• Similar to queryStringParameters, APIGW gives you null and ALB gives you {} for this field when there are no headers.
  • evt.multiValueQueryStringParameters: This behaves the same way as evt.multiValueQueryStringParameters, and is controlled by the same lambda.multi_value_headers.enabled attribute (making the naming of that attribute a bit unfortunate since query string parameters aren’t really headers).
    • The ALB / Lambda multi-value headers docs give an example of a query string parameter that appears multiple times in the URL.
    • Similar to queryStringParameters, APIGW gives you null and ALB gives you {} for this field when there are no query string parameters.
  • evt.requestContext: On APIGW, you get a lot of information in the request context - details about the API Gateway resources involved in the request, as well as identity information if you’re using any authentication / authorization features of APIGW. On the other hand, this object is very simple on an ALB, giving you only the ARN of the target group that is being invoked.
    • Note: as discussed below, you can use the presence of evt.requestContext.elb to determine that your Lambda function was invoked by an Application Load Balancer if your function is configured to be used with both an APIGW and ALB. Knowing that the function was invoked by the ALB will allow you to make the subtle changes necessary to your response format when responding to the request.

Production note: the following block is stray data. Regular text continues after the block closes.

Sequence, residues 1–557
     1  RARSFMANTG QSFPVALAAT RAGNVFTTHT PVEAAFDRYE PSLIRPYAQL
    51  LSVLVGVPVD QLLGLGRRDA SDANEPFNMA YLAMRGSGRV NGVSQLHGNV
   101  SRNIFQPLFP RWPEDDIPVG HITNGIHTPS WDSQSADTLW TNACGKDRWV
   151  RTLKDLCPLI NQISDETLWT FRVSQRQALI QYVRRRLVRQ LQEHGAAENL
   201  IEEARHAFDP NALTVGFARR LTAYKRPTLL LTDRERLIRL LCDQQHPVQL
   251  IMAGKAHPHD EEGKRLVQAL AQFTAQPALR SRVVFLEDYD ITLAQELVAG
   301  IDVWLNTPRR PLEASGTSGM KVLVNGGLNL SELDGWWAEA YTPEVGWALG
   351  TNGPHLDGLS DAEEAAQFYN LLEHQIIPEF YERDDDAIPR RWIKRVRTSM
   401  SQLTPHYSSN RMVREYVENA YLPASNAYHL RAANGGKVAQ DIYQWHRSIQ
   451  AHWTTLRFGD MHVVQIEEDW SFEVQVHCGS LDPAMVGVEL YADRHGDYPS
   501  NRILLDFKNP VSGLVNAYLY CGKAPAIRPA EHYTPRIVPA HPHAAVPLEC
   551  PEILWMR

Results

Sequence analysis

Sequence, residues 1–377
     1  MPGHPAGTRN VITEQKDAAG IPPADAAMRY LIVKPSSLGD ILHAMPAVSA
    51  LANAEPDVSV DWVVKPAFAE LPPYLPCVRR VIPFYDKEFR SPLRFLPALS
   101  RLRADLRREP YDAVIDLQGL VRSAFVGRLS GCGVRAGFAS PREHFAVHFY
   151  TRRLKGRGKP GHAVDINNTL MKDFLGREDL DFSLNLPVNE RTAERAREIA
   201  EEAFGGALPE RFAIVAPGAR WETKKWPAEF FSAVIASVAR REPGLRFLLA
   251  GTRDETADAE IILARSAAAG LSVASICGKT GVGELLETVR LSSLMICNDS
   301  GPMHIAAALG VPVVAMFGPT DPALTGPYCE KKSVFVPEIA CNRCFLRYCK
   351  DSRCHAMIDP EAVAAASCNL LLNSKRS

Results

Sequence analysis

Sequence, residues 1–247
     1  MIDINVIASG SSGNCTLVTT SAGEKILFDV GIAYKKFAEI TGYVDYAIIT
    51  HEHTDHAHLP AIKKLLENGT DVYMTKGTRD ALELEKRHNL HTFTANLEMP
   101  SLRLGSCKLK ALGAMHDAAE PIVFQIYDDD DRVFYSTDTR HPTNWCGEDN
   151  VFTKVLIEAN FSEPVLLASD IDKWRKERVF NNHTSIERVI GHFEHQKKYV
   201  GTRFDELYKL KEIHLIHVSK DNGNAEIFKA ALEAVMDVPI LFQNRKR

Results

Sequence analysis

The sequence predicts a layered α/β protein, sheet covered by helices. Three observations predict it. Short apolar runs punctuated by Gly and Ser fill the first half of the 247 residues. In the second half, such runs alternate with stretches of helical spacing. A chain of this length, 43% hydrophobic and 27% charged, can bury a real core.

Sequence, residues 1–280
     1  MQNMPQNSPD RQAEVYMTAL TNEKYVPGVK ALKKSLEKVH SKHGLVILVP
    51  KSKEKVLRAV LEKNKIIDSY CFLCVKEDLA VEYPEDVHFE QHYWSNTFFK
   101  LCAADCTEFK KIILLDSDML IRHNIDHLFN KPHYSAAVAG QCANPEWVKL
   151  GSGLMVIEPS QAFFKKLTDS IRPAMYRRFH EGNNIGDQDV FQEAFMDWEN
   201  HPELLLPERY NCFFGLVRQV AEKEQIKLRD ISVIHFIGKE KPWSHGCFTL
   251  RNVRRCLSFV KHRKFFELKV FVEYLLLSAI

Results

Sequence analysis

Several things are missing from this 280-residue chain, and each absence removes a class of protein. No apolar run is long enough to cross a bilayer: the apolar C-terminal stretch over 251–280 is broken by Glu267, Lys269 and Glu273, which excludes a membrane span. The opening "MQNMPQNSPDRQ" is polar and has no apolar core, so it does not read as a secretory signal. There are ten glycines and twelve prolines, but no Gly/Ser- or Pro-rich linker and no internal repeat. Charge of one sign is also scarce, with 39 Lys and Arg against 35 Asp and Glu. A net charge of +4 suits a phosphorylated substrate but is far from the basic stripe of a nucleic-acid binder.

• evt.pathParameters: is an APIGW-only construct since you map “path parameters” into the URLs that you configure for APIGW.
    • On ALB, you don’t specify path parameters - you just specify URL patterns that map to various target groups (a target group can have a single Lambda function). Any other parsing of the URL to extract parameters from it will need to be done in your Lambda function.
  • evt.stageVariables: is an APIGW-only construct because it supports deploying multiple “stages” of your app.

If you want to see a request object in its entirety, I recommend deploying the example services I made for you, as explained in the how to set up ALB with Lambda article. In those examples, you’ll deploy a simple “echo” service that echos back the Lambda input event, making it easy to see for yourself the exact differences between the two request formats.

Application Load Balancer Response Event Format Differences

Compared to the response object of the API Gateway proxy integration, the response object that Application Load Balancer expects your function to return (or pass to its callback) has these differences:

  • statusDescription: This field must be defined in addition to the normal statusCode. The statusDescription field is a concatenation of the HTTP status code (e.g. 200) and the “description” of that code (e.g. “OK”), with a space between the code and description.
    • For example:
      • 200 OK
      • 301 Moved Permanently
      • 302 Found
      • 404 Not Found
    • Important: For whatever reason, APIGW will throw an error (respond with “Internal server error”) if you include a statusDescription field in your response for APIGW.
  • isBase64Encoded: This field is a boolean that indicates whether your response has been base64 encoded or not (e.g. if you were responding with binary data, you would base64 encode it first). The field is optional on APIGW, but required on ALB.
  • headers: On APIGW, it’s optional to return headers, but on ALB, you must specify a headers field, even if you only set it to an empty object {}.
  • multiValueHeaders: As mentioned above, if you’ve enabled the multi-value headers feature on the target group associated with your Lambda function, you must also respond with a multiValueHeaders field in the format that it expects.